For businesses with bespoke applications, built to manage complex business processes, this level of integration might be key to cloud success. Ensuring that the on-premise and cloud network are one fabric removes much of the complexity around application provisioning and provides much greater levels of flexibility. this might also influence a company’s choice of cloud provider because the need for networking expertise alongside cloud knowledge becomes even more imperative.
Other infrastructure-based issues to think about when looking to the cloud are internet latency and WAN optimization. Businesses reliant on WAN optimization in on-premise environments (used to enhance their application response times) may have to think about alternative optimization options within the cloud. Finding a partner who can deliver this as a part of their cloud offering might be vital to make sure the extent of user experience is maintained.
The impact on compliance
tores must adhere to Payment Card Industry compliance mandates. Such regulations may restrict the use of the cloud but they'll not prevent it across all business applications. The trick is to understand the principles and assign protocols accordingly. The trick is to understand the principles and assign protocols accordingly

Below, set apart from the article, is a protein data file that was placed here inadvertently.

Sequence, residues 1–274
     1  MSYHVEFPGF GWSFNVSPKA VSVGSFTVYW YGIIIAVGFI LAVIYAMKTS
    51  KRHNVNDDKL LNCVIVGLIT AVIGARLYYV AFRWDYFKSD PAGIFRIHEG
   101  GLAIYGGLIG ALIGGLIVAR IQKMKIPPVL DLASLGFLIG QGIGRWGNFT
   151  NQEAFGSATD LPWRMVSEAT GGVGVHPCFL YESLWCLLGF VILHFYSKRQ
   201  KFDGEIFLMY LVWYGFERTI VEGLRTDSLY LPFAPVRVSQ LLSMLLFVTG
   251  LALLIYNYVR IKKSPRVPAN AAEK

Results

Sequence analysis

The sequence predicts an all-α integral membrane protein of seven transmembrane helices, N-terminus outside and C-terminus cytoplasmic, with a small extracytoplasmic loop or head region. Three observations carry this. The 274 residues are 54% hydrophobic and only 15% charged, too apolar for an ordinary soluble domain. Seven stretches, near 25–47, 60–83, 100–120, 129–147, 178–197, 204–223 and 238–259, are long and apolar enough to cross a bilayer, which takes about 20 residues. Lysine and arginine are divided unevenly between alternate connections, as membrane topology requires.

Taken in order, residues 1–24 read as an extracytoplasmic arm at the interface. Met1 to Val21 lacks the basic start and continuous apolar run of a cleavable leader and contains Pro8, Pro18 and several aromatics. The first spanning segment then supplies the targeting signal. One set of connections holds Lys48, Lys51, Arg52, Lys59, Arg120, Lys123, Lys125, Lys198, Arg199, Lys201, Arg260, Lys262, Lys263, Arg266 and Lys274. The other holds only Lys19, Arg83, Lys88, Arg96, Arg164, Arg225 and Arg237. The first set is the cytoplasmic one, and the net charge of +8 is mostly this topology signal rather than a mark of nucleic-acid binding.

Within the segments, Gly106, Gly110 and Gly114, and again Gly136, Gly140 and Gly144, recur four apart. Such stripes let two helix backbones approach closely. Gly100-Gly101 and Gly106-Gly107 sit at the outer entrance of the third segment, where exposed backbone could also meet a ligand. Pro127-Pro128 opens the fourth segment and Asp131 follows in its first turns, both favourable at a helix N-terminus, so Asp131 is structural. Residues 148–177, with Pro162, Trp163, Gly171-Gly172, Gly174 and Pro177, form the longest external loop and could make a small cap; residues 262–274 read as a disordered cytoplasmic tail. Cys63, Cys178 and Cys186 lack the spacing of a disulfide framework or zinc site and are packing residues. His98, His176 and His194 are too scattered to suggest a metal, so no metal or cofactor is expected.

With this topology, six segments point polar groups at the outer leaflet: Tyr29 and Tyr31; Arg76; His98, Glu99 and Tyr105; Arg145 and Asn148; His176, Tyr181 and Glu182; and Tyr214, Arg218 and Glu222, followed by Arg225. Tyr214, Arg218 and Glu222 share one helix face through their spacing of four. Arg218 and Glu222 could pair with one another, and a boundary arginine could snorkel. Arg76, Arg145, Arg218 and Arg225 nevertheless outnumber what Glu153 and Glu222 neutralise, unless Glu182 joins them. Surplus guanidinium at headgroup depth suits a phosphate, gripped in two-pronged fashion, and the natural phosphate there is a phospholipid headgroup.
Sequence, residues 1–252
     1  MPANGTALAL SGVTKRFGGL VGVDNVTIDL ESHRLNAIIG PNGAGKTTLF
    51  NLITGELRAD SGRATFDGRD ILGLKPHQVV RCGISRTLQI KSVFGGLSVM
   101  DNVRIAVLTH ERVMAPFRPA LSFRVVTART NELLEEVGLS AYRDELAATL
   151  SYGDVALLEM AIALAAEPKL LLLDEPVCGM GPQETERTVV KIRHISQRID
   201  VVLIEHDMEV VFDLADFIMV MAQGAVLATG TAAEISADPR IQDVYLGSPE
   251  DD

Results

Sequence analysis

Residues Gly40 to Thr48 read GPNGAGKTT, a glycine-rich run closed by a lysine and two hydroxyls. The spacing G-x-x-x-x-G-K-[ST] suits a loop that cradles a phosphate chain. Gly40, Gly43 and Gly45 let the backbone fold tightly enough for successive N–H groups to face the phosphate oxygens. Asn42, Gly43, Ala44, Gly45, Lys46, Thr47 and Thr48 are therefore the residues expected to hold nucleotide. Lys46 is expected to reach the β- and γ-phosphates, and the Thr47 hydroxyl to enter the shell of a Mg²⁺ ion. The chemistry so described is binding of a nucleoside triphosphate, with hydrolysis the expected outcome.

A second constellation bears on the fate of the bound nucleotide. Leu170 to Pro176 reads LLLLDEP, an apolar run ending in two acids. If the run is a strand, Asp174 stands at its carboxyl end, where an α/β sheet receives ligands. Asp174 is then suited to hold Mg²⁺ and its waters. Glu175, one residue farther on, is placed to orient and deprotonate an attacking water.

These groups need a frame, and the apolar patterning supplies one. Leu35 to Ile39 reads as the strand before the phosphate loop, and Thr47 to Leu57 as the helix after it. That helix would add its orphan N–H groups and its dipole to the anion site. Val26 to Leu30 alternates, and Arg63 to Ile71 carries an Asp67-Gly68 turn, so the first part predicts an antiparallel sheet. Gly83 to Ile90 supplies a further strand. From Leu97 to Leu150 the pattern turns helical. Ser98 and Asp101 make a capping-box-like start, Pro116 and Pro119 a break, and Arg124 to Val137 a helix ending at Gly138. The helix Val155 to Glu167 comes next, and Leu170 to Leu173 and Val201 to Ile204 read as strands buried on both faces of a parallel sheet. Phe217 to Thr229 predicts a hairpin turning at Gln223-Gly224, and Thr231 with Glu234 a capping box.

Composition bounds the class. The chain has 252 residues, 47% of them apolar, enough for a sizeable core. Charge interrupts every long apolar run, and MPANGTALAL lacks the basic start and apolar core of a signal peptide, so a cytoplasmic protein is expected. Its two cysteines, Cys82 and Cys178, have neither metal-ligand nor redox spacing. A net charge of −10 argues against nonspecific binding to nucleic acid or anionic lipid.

Privacy and movement of knowledge also are important issues to remember. a corporation based within the EU, which provisions cloud services from a supplier whose data center is housed within the US, would currently be in breach of regulations restricting the movement of knowledge outside the EU.
Another common pitfall relates to the difficulty of licensing. it's important to recollect that each server, whether physical or virtual, needs a software license. it's only too easy to overlook this issue within the virtualized world where a VM is often flexibly provisioned at will, but each server will still be got to be covered by a license.
It is likely, with the continued growth of the cloud and progression of technology, that regulations will change further in the coming months and years so businesses got to keep up with the newest compliance regulations and amend their processes accordingly.
The hybrid advantage
Arguably the most important advantage cloud gives us is its flexibility. Every business faces different challenges and cloud offers the pliability to satisfy these challenges on a private basis, be it through one SaaS application or a full infrastructure model. information technology consultingWith a number of cloud brokers emerging within the market, businesses can obtain expert advice to help them within the provision of IT services across all of the varied operating models.